Health & Nutrition Health and Nutrition - February - Page 27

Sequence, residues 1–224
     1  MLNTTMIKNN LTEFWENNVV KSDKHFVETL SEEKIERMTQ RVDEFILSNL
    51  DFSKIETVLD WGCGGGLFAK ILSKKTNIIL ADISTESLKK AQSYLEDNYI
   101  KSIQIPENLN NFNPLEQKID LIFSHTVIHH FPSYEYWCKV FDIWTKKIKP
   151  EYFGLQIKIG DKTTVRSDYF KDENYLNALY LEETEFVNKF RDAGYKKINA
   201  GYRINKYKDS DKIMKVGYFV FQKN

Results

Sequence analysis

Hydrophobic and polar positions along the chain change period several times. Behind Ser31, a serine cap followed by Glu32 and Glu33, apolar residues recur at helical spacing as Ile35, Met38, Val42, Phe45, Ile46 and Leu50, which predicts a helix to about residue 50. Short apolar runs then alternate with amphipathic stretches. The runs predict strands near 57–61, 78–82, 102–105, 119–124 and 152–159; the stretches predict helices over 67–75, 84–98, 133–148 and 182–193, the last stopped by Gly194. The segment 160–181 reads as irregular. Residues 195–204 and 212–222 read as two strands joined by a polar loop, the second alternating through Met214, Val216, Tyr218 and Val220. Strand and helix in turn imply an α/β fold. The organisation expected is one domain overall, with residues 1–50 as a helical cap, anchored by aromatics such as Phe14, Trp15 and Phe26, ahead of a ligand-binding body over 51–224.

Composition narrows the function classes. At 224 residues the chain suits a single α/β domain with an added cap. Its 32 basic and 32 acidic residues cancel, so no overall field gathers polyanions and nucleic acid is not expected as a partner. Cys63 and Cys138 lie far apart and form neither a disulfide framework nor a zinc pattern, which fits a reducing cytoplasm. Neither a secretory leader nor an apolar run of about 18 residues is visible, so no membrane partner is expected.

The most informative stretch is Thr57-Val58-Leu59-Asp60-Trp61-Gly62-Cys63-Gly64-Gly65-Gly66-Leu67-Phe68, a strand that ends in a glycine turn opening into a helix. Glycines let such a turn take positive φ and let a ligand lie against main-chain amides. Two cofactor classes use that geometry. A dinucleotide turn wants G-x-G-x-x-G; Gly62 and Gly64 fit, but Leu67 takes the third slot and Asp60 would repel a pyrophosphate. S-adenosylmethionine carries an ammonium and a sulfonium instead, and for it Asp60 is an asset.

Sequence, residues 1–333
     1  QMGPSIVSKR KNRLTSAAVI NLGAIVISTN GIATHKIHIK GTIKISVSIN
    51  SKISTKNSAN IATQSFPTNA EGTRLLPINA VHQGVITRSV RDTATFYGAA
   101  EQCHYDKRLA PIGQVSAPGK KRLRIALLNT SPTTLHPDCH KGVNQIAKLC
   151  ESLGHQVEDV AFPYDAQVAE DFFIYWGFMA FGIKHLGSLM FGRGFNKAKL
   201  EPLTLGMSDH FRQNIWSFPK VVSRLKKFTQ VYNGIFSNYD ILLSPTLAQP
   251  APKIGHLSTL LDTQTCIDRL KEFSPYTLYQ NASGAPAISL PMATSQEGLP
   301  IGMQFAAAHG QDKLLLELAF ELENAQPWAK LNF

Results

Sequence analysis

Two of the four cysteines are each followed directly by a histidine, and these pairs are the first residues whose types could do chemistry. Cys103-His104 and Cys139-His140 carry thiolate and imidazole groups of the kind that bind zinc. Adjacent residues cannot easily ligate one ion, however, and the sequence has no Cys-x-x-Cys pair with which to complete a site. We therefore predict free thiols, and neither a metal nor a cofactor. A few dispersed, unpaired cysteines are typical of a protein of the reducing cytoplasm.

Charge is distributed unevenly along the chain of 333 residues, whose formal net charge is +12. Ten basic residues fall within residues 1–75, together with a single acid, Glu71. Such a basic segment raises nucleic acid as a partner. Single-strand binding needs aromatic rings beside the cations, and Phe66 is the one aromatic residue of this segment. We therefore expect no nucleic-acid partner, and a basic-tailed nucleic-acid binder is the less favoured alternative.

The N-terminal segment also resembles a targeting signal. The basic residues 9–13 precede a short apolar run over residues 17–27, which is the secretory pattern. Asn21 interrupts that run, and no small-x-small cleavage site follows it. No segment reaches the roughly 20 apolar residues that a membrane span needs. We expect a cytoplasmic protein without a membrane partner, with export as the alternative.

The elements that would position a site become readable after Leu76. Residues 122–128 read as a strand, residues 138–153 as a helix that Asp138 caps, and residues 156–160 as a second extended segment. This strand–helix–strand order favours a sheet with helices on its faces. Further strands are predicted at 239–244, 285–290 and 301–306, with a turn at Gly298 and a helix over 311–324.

liver damage. Acetaminophen may increase the risk of bleeding if you take warfarin (Coumadin). The FDA sets the maximum daily dose for the average healthy adult at no more than 4,000 milligrams (mg) per day for short-term use, although even lower doses can be toxic to the liver in some people. It’s in so many different kinds of medications that you may inadvertently take too much. Such medications include over- the-counter remedies for pain, sleep, or cold symptoms. NSAIDS Nonsteroidal anti-inflammatory drugs (NSAIDs), such as ibuprofen (Advil), naproxen (Aleve) or aspirin, are available over the counter, and in stronger doses by prescription. Like acetaminophen, NSAIDs reduce fever and pain, and they go further by reducing inflammation. dications e m id io p O s of pain e g a s s e m block d reduce n a in a r b to the ception r e p ’s y d o the b But long- . t r o f m o c of dis f opioids term use o he risk of t h it w s e com , , addiction e c n e d n e dep n, falls, constipatio slowed confusion, , slowed e im t n io t c rea nd death. a , g in h t a bre But regular, long-term use of NSAIDs has been linked to ulcers, stomach bleeding, kidney problems, high blood pressure, and increased risk of heart attack or stroke. The FDA warned that NSAIDs raise the risk for heart attack and stroke even with short-term use, and even among people who don’t have heart disease. PRESCRIPTION PAINKILLERS Opioid medications, such as oxycodone (Oxycontin) and hydrocodone (Vicodin), are among the most commonly prescribed prescription painkillers. They block messages of pain to the brain and reduce the body’s perception of discomfort. But long-term use of opioids comes with the HEALTH & NUTRITION February 2018 27